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Brittney Corrigan is the author of the poetry collections Daughters, Breaking, Navigation, 40 Weeks and most recently, Solastalgia, a collection of poems about climate change, extinction, and the Anthropocene Age (JackLeg Press, 2023). Brittney was raised in Colorado and has lived in Portland, Oregon for the past three decades, where she is an alumna and employee of Reed College. The Ghost Town Collectives is her first short story collection. For more information, visit http://brittneycorrigan.com/.

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These are short stories whose prose functions somewhat as poems; stories are told but reveal far more depth than the playing out of external plot elements or phenomena, through a magical realism that points to the unnamed, often undervalued and authentically fantastic parts of our interiority. These stories are placed squarely in the contemporary Anthropocene, with an emerging hyper-sensitivity to other-than-human organisms that spawns compassion and behavioral adaptations. Corrigan weaves stories that serve as way stations for small mysteries that echo inside us before moving on. Stories that serve as remedy to eco-grief so pervasive in our unraveling world—complete with both natural and fantastic moments of beauty, intrigue, and open metaphors for the reader's mind to wonder through. Wonder, not wander.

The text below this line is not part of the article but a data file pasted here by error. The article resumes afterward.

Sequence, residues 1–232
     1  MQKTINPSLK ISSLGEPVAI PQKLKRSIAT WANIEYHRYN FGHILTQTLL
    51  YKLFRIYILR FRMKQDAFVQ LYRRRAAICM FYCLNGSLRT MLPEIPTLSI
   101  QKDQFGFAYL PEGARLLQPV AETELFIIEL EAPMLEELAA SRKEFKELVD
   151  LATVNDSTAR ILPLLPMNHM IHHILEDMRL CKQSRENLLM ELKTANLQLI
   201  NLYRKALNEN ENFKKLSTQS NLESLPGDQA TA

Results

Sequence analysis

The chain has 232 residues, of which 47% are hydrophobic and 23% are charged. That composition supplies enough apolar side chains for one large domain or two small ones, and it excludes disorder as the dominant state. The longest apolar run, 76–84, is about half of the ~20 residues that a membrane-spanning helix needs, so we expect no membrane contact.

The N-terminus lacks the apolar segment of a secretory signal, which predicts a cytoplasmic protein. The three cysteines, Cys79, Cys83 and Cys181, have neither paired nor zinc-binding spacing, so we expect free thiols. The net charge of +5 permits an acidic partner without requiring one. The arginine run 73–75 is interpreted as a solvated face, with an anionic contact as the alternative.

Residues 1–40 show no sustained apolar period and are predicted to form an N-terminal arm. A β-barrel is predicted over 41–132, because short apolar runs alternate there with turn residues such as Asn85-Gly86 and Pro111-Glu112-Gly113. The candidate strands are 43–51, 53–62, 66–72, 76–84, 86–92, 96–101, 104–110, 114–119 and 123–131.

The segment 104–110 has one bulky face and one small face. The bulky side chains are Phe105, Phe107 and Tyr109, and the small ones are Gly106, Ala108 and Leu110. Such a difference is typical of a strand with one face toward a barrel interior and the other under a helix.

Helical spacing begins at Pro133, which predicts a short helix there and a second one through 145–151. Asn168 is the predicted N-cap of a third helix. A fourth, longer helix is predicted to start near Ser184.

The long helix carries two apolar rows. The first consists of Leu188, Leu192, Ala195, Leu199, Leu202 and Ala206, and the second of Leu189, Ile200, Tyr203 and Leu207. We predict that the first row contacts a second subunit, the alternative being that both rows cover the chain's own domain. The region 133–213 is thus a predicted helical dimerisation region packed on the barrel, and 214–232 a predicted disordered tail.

The Ghost Town Collectives collects wonderful, unpredictable tales of loss—lost relationships, lost climates and landscapes, lost possibilities and yet they are always infused with hope and empathy. Caught between the prehistoric and the dystopian future, these protagonists range from human to animal to plant, from the extinct to the mythological to the cryptid. Never played for shock value, always
reated with respect; the measured, vivid prose pulls us in, makes us believe in whatever Brittney Corrigan’s imagination conjures. Polar bear point-of-view? Yes, please. An auction house that could manifest anywhere, depending on the item up for sale? Show me. A tortured orchard? Terrifying. A mammoth brought back by de-extinction? I’m in.


                   — Peter Rock

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